writing tips

Embarking on the journey to write your first book? That’s thrilling! And probably a little daunting, too. But don’t worry, every best-selling author was once a newbie, too. To help you on your way, I’m sharing five writing tips that can set you on the path to becoming a best-selling author.

Tip 1 – Create a Detailed Outline Before Writing

Starting to write a book without an outline is like setting off on a road trip without a map. You’ll end up lost, or at the very least, you’ll take a lot of unnecessary detours. An outline gives you a clear direction and helps you stay focused on your story. So, spend time crafting a detailed outline before you start writing. Trust me, your future self will thank you. PS – I made a big list of *all* the different novel outlining methods.

Tip 2 – Develop Your Characters Fully

Readers fall in love with characters, not just stories. Spend time developing your characters – their backgrounds, their motivations, their fears, and desires. Make them real, make them relatable, and your readers will follow them through any twist and turn in your story. That said: don’t great a bunch of cool characters and have nothing for them to do. Figure out the story first; the characters’ full backstory comes in much later, towards the end – in the beginning you just need to make them likeable, and get them into trouble quickly.

Tip 3 – Use Active Voice and Show, Don’t Tell

Here’s a secret: Active voice makes your writing more engaging. It pulls the reader in and keeps them turning the pages. And remember the age-old writing advice – show, don’t tell. Instead of telling your readers a character is angry, show them. Describe the character’s clenched fists, their heated face, the harsh words they spit out. Showing creates a vivid image in the reader’s mind and makes your story more immersive.

I know this one is common, but also difficult to grasp. So just ask yourself, “what does this look like?” Anything you can see on stage, on a TV screen, that’s showing. You’re giving readers images they can see. You especially want to show dramatic moments, those should happen in scene, with immediacy. It’s the difference between seeing an accident, and being told about it later.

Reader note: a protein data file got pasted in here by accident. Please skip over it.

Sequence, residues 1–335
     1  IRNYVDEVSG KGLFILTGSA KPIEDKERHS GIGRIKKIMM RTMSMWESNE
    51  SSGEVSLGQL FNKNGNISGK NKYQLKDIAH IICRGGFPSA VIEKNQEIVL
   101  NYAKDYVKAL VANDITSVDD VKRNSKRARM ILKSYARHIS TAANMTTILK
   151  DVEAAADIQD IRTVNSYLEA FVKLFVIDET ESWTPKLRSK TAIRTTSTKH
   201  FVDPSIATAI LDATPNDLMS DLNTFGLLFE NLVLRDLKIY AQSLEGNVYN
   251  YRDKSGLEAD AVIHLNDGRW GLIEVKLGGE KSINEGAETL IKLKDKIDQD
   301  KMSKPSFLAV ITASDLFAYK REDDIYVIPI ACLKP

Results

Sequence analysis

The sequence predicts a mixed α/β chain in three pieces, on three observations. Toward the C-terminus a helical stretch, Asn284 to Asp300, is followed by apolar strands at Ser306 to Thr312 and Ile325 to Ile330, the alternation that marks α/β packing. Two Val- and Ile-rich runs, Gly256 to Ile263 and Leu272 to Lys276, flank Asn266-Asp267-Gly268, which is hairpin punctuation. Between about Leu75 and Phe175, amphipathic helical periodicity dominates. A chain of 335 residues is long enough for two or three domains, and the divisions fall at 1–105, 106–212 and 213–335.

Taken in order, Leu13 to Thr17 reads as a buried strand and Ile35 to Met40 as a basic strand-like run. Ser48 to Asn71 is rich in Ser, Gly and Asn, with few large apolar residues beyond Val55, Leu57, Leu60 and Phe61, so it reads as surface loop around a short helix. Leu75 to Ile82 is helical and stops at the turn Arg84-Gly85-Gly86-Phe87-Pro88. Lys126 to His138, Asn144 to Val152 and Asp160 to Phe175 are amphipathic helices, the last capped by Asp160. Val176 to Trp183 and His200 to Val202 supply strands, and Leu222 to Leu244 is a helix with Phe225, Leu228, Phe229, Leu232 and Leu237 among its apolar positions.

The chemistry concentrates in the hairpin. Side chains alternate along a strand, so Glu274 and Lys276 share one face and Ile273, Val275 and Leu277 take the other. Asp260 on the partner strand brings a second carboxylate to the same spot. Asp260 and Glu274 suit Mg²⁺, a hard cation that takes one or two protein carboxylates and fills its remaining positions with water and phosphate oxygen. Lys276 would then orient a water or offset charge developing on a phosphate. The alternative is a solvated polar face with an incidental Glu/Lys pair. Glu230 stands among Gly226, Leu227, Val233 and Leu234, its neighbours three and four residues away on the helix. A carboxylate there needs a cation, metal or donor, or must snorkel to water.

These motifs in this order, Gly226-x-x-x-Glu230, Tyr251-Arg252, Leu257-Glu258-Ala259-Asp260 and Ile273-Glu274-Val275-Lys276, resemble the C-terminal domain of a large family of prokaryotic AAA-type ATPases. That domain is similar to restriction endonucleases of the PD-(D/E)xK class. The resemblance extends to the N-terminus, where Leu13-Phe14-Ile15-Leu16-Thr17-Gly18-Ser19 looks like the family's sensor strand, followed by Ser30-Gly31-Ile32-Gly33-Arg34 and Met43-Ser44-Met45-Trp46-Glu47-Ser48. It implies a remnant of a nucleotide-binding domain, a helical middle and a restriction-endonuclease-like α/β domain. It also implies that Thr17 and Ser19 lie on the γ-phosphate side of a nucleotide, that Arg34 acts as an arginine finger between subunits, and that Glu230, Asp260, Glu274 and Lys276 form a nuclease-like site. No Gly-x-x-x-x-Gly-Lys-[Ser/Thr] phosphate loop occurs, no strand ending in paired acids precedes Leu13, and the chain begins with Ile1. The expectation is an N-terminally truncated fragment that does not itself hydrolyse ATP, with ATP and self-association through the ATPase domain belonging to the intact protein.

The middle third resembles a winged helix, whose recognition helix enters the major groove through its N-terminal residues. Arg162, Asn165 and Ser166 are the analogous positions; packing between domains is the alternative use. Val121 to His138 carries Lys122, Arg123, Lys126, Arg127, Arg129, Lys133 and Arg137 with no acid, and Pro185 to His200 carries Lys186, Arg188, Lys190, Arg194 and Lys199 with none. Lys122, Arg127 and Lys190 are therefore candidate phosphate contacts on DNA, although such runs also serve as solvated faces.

Also: show the important stuff, that matters, that has conflict. Little maintenance details that are just to impart basic info, can be told. The more you show – the closer the details – the more important the scene. So you don’t have to over-describe everything everywhere, but for important scenes, showing is critical.

Tip 4 – Understand Your Audience and Genre

Knowing who you’re writing for and what they expect from the genre you’re writing in is key. If you’re writing a romance, your readers will expect a love story. If you’re writing a thriller, they’ll want suspense and twists. Understanding these expectations can help you deliver a story that your readers will love. Read Chris Fox’s “Write to Market” for the basics – it’s a rough lesson for new authors who are chasing inspiration, but your book’s sales are always going to be limited by the number of people who want to read, and enjoy reading, books like yours. Writers who don’t get this end up jaded and elitist, whining about how the entire world just doesn’t get their art, secretly harboring resentment. You can’t train the world to like your book when they don’t want it. You can learn to write books readers enjoy.

Tip 5 – Edit Ruthlessly and Seek Feedback

Don’t be afraid to trim the fat. Every sentence, every word should serve a purpose. If it doesn’t move the story forward or develop a character, cut it. And don’t just rely on your own judgement – seek feedback. Have others read your work and listen to their feedback. A fresh pair of eyes can catch things you might have missed and give you new perspectives. Real talk, getting actual feedback from anyone is really tough. But chances are, you’re making common, predictable writing mistakes that all writers make, and so you can figure that out pretty quickly.

Writing a best-seller might seem like a daunting task, but remember, every author starts with a single word. With these tips in your writer’s toolkit, you’re well on your way to writing a book that readers won’t be able to put down. So, go on, take the plunge, and start writing. Who knows, the next best-seller could be yours!

Stay tuned for more tips on writing, publishing, and book design. Until then, keep writing and believing in your story!

Derek Murphy
Derek Murphy

Derek Murphy is a cover designing indie author enthusiast, finishing a PhD in Literature and shopping for a castle in Europe.